What is the Haynesville Shale?

The Haynesville Shale, is a black, organic-rich shale of Upper Jurassic age that underlies much of the Gulf Coast area of the United States. "Haynesville Shale" is a drillers term for shale rock units within the Haynesville Formation.

The Haynesville Formation is underlain by the Smackover Formation and overlain by rocks of the Cotton Valley Group. It was deposited about 150 million years ago in a shallow offshore environment.

Geologists have long known that the Haynesville Formation contained natural gas. However, because of its low permeability the Haynesville was originally considered to be a gas source rock rather than a gas reservoir.

Today, natural gas production from the Haynesville occurs from rocks about two miles beneath northwestern Louisiana, southwestern Arkansas and eastern Texas. The most productive areas have been Caddo, Bienville, Bossier, DeSoto, Red River and Webster Parishes of Louisiana plus adjacent areas in southwest Arkansas and east Texas

Playing the Haynesville Shale

"The recent announcement of a large natural gas deposit in northwest Louisiana, called the Haynesville Shale, could be this century's gold rush — or a fool's gold of hype."

"The only certainty at this point is that some fortunate landowners already are grinning all the way to the bank, patting their pocketbooks that are thick with lease bonus payments and anticipation of royalty riches if a producing well follows.

"The Haynesville Shale is being described as one of the richest fields of natural gas ever discovered in this region. But most experts and those connected to the industry agree it's too early to say for sure if the discovery will transform the landscape and economy of parishes that sit atop it."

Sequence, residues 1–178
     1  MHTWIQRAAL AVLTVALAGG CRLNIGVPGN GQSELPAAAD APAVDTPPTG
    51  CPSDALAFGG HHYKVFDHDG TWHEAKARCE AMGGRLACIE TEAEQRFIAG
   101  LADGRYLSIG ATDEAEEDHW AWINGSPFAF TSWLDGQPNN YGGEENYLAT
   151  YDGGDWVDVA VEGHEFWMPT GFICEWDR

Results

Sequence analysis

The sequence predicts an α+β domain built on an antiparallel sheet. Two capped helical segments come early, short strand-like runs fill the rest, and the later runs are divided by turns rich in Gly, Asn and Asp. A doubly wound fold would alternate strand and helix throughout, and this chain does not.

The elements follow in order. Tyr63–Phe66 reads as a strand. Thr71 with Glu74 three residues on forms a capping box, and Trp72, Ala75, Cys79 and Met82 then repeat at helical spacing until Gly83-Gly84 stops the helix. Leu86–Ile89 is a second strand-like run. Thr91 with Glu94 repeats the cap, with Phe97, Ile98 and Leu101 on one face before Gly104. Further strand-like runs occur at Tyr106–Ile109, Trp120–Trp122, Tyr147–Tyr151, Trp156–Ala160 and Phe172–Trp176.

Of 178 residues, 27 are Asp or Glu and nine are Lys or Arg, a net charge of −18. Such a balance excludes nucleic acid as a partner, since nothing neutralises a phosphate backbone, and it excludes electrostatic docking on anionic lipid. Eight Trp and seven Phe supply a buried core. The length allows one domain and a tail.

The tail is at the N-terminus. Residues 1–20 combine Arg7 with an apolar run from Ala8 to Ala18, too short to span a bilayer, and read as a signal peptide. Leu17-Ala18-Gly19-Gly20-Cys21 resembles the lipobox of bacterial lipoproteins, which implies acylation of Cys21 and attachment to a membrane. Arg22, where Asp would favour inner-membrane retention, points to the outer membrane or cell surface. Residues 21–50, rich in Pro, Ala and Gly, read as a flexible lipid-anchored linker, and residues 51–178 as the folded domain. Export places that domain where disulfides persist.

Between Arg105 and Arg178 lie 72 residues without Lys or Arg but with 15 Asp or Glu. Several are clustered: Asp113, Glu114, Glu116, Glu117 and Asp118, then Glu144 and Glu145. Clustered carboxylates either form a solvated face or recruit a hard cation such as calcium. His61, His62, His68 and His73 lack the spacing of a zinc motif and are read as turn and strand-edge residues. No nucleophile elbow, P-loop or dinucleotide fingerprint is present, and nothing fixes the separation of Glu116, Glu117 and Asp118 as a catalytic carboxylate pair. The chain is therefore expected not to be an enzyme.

"The shale's boundaries are still up for interpretation. But the hot zones appear to include all of DeSoto Parish, the mid to southern regions of Caddo and Bossier parishes, the southern tip of Webster, the western end of Bienville Parish, most of Red River Parish, the upper parts of Sabine and Natchitoches parishes and sections of east Texas."

"It could take several years before the potential, or lack thereof, of the Haynesville Shale is fully realized. Drilling likely will shift from the standard vertical wells to more expensive horizontal wells, requiring more manpower, equipment, expertise and time. Predictions are it will take another year or so before knowing if it's a viable commercial opportunity."

"The race for the play — an oil and gas industry term for staking out opportunity — quietly has been under way for about two years with one company, Oklahoma-based Chesapeake Energy, putting more than 200,000 acres in northwest Louisiana under lease with plans to add another 300,000 acres. Industry officials say another company, Cubic Energy, has been drilling on the shale for four years."

 

Your Thoughts on the Haynesville Shale Discovery

Devon Energy Corp. chairman and chief executive Larry Nichols addressed some 800 attendees at this year’s Developing Unconventional Gas conference in Fort Worth this week, hosted by Oil and Gas Investor and E&P magazines, publications of Hart Energy Publishing.

His thoughts on the Haynesville shale: “You don’t drill a couple of wells and say anything is the next Barnett shale.”